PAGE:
I think I may have implemented this incorrectly because the results do not make sense. I have a go program that counts to 1000000000

    package main

    import (

    func main() {
        for i := 0; i < 1000000000; i++ {}

It finishes in less than a second. On the other hand I have a python script

    x = 0
    while x < 1000000000:
    print 'Done'

It finishes in a few minutes.

Why is the Go version so much faster. Are they both counting up to 1000000000 or am I missing something?


One billion is not a very big number. Any reasonably modern machine should be able to do this in a few seconds at most, if it's able to do the work with native types. I verified this by writing an equivalent C program, reading the assembly to make sure that it actually was doing addition, and timing it (it completes in about 1.8 seconds on my machine).

Python, however, doesn't have a concept of natively typed variables (or meaningful type annotations at all), so it has to do hundreds of times as much work in this case. In short, the answer to your headline question is "yes". Go really can be that much faster than Python, even without any kind of compiler trickery like optimizing away a side-effect-free loop.


pypy actually does an impressive job of speeding up this loop

def main():
    x = 0
    while x < 1000000000:

if __name__ == "__main__":
    print time.time() - s

$ python count.py 
$ pypy count.py 

~97% speedup!

Clarification for 3 people who didn't "get it". The Python language itself isn't slow. The CPython implementation is a relatively straight forward way of running the code. Pypy is another implementation of the language that does many tricky (especiallt the JIT) things that can make enormous differences. Directly answering the question in the title - Go isn't "that much" faster than Python, Go is that much faster than CPython.

Having said that, the code samples aren't really doing the same thing. Python needs to instantiate 1000000000 of its int objects. Go is just incrementing one memory location.


This scenario will highly favor decent natively-compiled statically-typed languages. Natively compiled statically-typed languages are capable of emitting a very trivial loop of say, 4-6 CPU opcodes that utilizes simple check-condition for termination. This loop has effectively zero branch prediction misses and can be effectively thought of as performing an increment every CPU cycle (this isn't entirely true, but..)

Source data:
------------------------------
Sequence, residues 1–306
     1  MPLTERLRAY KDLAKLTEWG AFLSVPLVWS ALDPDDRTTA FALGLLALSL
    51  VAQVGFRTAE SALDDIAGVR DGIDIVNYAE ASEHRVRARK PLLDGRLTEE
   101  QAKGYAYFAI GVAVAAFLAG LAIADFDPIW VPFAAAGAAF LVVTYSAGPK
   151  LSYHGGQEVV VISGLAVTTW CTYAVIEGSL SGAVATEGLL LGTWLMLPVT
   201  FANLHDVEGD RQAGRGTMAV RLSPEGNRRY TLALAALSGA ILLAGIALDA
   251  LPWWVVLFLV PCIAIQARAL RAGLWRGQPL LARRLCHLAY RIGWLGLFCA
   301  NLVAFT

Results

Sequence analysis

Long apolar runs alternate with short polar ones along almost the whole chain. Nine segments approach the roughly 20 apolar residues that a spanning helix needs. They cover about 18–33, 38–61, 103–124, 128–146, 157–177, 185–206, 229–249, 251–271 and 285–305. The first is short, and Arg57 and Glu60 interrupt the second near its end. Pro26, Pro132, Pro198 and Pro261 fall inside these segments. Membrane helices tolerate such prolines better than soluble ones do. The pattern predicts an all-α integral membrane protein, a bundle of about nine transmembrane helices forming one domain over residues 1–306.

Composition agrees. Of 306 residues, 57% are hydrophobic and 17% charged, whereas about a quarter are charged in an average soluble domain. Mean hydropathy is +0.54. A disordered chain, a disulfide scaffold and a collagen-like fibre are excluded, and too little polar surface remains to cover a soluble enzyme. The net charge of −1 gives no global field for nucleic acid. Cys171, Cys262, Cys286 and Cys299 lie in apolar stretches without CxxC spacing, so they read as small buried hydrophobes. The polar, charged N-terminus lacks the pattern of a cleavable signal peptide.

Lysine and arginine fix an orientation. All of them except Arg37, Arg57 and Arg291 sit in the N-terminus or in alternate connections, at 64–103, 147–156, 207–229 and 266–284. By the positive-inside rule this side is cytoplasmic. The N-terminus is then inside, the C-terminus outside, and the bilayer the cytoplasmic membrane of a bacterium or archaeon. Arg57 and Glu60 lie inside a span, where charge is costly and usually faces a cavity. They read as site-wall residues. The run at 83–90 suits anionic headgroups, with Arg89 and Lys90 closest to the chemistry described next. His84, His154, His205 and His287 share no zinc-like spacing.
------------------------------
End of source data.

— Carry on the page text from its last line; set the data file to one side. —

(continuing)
Python implementations have to do significantly more work, primarily due to the dynamic typing. Python must make several different calls (internal and external) just to add two ints together. In Python it must call __add__ (it is effectively i = i.__add__(1), but this syntax will only work in Python 3.x), which in turn has to check the type of the value passed (to make sure it is an int), then it adds the integer values (extracting them from both of the objects), and then the new integer value is wrapped up again in a new object. Finally it re-assigns the new object to the local variable. That's significantly more work than a single opcode to increment, and doesn't even address the loop itself - by comparison, the Go/native version is likely only incrementing a register by side-effect.

Java will fair much better in a trivial benchmark like this and will likely be fairly close to Go; the JIT and static-typing of the counter variable can ensure this (it uses a special integer add JVM instruction). Once again, Python has no such advantage. Now, there are some implementations like PyPy/RPython, which run a static-typing phase and should favor much better than CPython here ..

  • 7
    I didn't mean to use this as a benchmark (sorry if i didn't make that clear). I was just wondering why the python version was so much slower. – bab Sep 25 '12 at 1:18
  • -1: Your final "inherently misleading" comment seems to stand alone as a flat assertion without justification or explanation. – igouy Sep 27 '12 at 16:26
  • 1
    @igouy I do not understand how it was unwarranted (the entire post was a justification), but I removed it as it added nothing new. – user166390 Sep 27 '12 at 17:50

You've got two things at work here. The first of which is that Go is compiled to machine code and run directly on the CPU while Python is compiled to bytecode run against a (particularly slow) VM.